The Sandwich Generation

We have partnered with Chase & Ralls, PLC to provide this sponsored series on Comprehensive Estate Planning for Mothers and Families.

Two pairs of hands, one male and one female, cradling a small wooden ornament in the shape of a house. With the text Dear Mama protect your legacy: a series on comprehensive estate planning for families. Sponsored by Chase & Ralls law firmIt is more common to see multi-generational family members living together and caring for each other than in previous generations.

The term “Sandwich Generation” relates to those individuals who find themselves squeezed between the responsibilities of caring for parents as well as raising their own children (whether adults or minors).

This unique group of individuals is caught between the demands of caring for their aging parents while simultaneously supporting their own minor and adult children. This delicate balancing act can be emotionally, physically, and financially draining.

Sandwichers often take on the role of main caregiver for their aging parents, assisting with daily events, medical appointments and managing their general well-being. This may involve managing healthcare needs, organizing medications, providing emotional support, and ensuring a comfortable living environment. You need the appropriate documents to ensure you have the ability to speak with doctors or financial institutions on their behalf.

Concurrently, Sandwichers are actively involved in raising their own children. From nurturing their growth and education to managing their emotional well-being, they strive to provide the love, guidance, and resources necessary for their children’s development.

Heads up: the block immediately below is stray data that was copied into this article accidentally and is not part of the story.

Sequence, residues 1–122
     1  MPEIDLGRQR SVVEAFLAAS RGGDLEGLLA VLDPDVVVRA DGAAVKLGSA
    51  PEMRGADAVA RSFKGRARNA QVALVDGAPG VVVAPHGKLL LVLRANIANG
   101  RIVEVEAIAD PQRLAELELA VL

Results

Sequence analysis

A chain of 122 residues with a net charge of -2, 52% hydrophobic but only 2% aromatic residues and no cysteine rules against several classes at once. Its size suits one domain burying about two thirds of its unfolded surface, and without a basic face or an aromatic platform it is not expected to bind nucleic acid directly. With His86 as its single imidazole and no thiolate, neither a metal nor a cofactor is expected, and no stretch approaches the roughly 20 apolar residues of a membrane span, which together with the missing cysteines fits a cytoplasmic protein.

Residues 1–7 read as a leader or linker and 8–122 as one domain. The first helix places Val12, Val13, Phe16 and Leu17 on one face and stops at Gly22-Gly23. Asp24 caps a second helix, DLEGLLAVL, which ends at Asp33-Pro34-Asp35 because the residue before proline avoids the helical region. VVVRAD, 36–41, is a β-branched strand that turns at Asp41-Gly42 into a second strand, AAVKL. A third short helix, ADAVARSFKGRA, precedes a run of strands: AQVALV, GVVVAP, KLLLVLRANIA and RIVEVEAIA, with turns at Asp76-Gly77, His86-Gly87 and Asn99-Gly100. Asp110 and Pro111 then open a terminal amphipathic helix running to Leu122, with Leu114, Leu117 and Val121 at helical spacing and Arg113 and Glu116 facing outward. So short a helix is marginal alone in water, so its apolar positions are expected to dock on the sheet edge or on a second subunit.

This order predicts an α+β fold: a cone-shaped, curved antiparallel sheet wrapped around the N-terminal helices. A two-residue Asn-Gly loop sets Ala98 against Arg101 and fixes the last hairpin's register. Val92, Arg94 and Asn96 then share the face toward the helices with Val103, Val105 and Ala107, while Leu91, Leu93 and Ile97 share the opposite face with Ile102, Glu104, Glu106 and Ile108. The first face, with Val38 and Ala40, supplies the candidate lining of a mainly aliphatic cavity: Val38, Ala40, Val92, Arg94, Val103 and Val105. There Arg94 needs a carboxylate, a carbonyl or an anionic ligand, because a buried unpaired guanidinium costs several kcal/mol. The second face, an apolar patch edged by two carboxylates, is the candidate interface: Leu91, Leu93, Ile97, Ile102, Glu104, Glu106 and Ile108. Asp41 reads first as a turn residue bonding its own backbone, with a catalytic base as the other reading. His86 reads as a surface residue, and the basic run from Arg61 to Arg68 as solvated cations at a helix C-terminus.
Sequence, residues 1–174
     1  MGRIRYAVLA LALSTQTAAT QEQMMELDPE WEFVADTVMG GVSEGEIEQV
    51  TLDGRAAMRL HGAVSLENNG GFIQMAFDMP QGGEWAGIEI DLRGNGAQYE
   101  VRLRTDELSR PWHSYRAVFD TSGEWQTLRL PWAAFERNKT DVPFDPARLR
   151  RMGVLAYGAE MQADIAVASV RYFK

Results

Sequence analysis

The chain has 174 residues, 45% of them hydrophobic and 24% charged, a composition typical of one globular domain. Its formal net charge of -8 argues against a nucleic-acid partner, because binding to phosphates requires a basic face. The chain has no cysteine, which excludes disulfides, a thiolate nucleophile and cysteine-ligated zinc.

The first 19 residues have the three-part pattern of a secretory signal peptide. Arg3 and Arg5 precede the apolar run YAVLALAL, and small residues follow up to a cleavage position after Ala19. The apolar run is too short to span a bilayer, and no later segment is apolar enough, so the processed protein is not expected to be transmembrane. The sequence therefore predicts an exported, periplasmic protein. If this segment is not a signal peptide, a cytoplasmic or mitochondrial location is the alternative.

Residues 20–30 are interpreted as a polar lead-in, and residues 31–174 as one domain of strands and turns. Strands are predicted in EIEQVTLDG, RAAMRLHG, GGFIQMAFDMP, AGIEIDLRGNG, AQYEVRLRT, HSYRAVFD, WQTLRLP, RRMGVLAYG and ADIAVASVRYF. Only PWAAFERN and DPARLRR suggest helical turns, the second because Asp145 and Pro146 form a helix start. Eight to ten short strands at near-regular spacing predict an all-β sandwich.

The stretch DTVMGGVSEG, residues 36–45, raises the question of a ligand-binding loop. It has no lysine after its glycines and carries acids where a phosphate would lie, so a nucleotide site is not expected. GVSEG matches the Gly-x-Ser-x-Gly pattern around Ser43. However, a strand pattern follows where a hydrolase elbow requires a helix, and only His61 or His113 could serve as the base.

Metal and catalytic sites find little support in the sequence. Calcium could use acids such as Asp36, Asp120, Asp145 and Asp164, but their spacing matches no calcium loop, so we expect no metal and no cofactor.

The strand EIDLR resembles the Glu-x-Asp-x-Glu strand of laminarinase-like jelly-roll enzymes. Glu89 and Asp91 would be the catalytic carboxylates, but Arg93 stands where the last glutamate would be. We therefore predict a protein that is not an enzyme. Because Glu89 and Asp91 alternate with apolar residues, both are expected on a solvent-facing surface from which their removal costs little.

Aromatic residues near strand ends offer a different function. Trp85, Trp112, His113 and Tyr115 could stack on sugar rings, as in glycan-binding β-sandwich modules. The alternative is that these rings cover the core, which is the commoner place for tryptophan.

Your family’s estate is not going to plan itself.

Without suitable planning, the State of Florida will determine your estate planning for you, which may be in line with your own wishes or an efficient transfer of assets. Once parents have already reached incapacity, it can be too late to plan effectively.

You must be proactive and make a plan now while your family members have the capacity to contribute current financial information and meaningful directives.

It can be uncomfortable at times, but initiate conversations with both your parents and your adult children about estate planning to ensure everyone is on the same page and their expectations are understood. This can help reduce future conflicts and ensure that everyone’s needs are addressed.

The following documents are crucial for during life and after death.

These are the documents your parents or family members should have, as well as YOU! Every family is different, and it is important to consult with an estate planning attorney in order to create a plan that is right for your family.

1.     Last Will and Testament: A will is a foundational document that specifies how your assets should be distributed among your beneficiaries after your death. It also allows you to appoint an executor to manage the process.